Prioritizing prisons, police and punitive responses to
social issues is a public health crisis. These approaches are only aggravated
by the global coronavirus pandemic. Incarcerated people, whether they are in
jails, prisons or migrant detention centers, are facing down death sentences in
overcrowded facilities with limited access to sanitation as the virus spreads.
Those who find themselves under these mutated
forms of social and racial control stemming from white supremacy and
colonialism are actively being put in harm’s way. In response, detainees across
the globe are rightfully resisting in the face of deadly conditions.
As the pandemic
spreads, support grows to free all incarcerated people–at higher danger from
infection and death. Here a 150-car caravan wheels through Philadelphia, April
Wherever you see incarcerated people lifting their
voices and rising up for their survival, we see state repression. Prisons
officials are using force in response to work strikes, hunger strikes and other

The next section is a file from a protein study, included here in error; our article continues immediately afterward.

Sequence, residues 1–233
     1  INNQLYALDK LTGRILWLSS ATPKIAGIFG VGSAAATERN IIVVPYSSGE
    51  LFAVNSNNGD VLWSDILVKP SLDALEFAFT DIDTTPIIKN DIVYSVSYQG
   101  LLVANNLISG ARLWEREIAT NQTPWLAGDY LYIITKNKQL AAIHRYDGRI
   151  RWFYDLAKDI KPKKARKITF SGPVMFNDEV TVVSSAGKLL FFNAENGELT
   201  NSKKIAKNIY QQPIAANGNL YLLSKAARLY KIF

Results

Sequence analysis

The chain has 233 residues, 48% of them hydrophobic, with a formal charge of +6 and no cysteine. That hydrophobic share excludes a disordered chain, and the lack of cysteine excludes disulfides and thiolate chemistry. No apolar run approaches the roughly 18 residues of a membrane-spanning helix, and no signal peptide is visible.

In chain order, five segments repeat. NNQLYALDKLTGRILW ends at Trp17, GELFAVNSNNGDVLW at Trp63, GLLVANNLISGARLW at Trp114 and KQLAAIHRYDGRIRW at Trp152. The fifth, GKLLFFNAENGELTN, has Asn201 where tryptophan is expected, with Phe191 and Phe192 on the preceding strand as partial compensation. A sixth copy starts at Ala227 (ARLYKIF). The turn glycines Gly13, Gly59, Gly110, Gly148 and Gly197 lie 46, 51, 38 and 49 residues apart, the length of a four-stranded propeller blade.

forms of protest. Prisons are deliberately not designed with health in mind,
and we are seeing some facilities respond to virus symptoms by separating
infected people from overcrowded general populations into “segregation” or
solitary confinement. By United Nations standards prolonged solitary
confinement is torture.
People need decarceration, health care and humane
housing, not punishment. It is imperative we listen to those affected: “Jail
and prison walls can’t contain the spread of the virus. What is on the outside
will be on the inside, and what happens to our communities on the inside will
affect us all.” (Free Them All Connecticut)
Rebellions break out
Prisoners in the large Yakima County (Washington
state) jail righteously rose up on March 23 in rebellion over being huddled
together during the COVID-19 epidemic. Fifteen prisoners escaped.
After 6 inmates tested positive for the COVID-19 virus
at the Monroe Correctional Complex, Washington state facilities 30 miles
northeast of Seattle, on April 9, 200 prisoners rebelled. Police, including
state troopers, fired “blast balls” and pepper spray on the protesting
prisoners. Eighteen prisoners were put in “segregation.”
Washington Gov. Jay Inslee has done nothing to stop
the strain of overcrowding in state prisons, despite warnings from all health
officials, including the World Health Organization.
After one inmate tested positive at the Women’s Prison